Justin Delgado is husband to Kacie Doyle-Delgado, diagnosed at age 11. After more than a decade together, he considers himself to be an expert carb counter and Dexcom inserter. He graduated with his Master of Science in Finance from the University of Utah in 2013 and has been working in commercial banking since then. He attended his first Friends for Life conference in 2015 and is looking forward to volunteering with the teens.
March 1, 2002
Question from Mansfield Center, Connecticut, USA:
My 22 month old daughter was diagnosed with type 1 diabetes five months ago, and I go back and forth between accepting the situation and then being highly motivated to find out what can be done. I do not wish to engage myself in false hoping and yet I don't want to miss out when the time comes when the researchers find something that will actually help. Is there a best way to remain up-to-date on upcoming treatments? Is there a way to know what the chances are of my daughter actually being able to receive one of these treatments? There are so many of us longing for a cure. Also, I realize that the cost of this would be great. Would receiving a treatment be limited to those who could afford it?
The best way to stay informed about treatment and possible new treatments for type�1 diabetes or eventual cures for diabetes is to be a member of American Diabetes Association and the Juvenile Diabetes Research Foundation. Then you will automatically get the latest information in Diabetes Forecast and Diabetes Countdown. Also, Diabetes Interview is an excellent (and sometimes provocative) monthly magazine that highlights new research as well. Your diabetes team will also know of new developments and can place these in perspective.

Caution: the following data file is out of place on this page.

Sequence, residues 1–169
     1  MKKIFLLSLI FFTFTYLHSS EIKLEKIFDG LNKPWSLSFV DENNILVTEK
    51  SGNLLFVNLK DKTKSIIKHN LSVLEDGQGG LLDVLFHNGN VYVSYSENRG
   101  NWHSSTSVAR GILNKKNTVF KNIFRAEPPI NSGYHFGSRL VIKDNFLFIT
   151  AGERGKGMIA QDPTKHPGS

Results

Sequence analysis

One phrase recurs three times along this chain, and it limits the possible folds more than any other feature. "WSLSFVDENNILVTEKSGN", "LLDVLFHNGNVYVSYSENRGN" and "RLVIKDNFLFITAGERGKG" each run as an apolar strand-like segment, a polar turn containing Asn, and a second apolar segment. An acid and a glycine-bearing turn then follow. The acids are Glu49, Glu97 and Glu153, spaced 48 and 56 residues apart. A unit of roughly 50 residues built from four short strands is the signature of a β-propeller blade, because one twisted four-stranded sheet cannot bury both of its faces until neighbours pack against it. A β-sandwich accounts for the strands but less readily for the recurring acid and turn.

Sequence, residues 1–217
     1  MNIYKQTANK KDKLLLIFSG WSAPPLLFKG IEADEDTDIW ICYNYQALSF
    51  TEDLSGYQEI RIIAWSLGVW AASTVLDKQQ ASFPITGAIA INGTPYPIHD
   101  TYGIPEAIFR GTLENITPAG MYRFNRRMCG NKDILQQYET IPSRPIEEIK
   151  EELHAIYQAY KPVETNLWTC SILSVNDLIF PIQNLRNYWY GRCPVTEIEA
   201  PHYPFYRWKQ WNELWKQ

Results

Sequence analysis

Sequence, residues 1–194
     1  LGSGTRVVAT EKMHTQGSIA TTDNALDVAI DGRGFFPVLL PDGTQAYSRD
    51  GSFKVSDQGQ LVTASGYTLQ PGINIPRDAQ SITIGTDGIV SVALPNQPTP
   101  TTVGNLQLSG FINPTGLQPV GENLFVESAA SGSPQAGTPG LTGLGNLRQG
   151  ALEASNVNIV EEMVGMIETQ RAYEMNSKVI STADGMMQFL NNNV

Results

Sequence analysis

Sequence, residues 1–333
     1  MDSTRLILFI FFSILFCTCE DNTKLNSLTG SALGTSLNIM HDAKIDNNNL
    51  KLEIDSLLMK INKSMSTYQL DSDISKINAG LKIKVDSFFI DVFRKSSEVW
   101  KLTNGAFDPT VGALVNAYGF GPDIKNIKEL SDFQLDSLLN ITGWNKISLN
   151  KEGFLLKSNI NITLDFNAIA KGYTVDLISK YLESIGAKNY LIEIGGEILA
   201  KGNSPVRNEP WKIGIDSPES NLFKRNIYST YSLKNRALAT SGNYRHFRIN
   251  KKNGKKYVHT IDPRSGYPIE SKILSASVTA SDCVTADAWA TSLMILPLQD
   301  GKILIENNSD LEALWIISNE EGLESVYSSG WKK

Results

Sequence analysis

There is no immediate cure on the horizon. However, remember that we were still building polio hospitals and wards when the polio vaccines were being tried. (I actually trained in one such facility in Los Angeles!) Research takes time and lots of research funding. Make sure that your congressmen and women as well as Senators support diabetes research from the NIH and do not limit research for political reassigns. Write to them and get all your friends and relatives to do the same — not just for diabetes but for health care research in general. Since so much research around the world comes from the NIH budget, this is a good way to make things happen in the future.
[Editor’s comment: In addition to the resources Dr. Brink mentioned, our What’s New has a lot of the latest available information. Receive an e-mail copy of the What’s New page each Sunday evening by visiting the What’s New Subscription Page and filling out the registration form. It’s that easy to stay informed.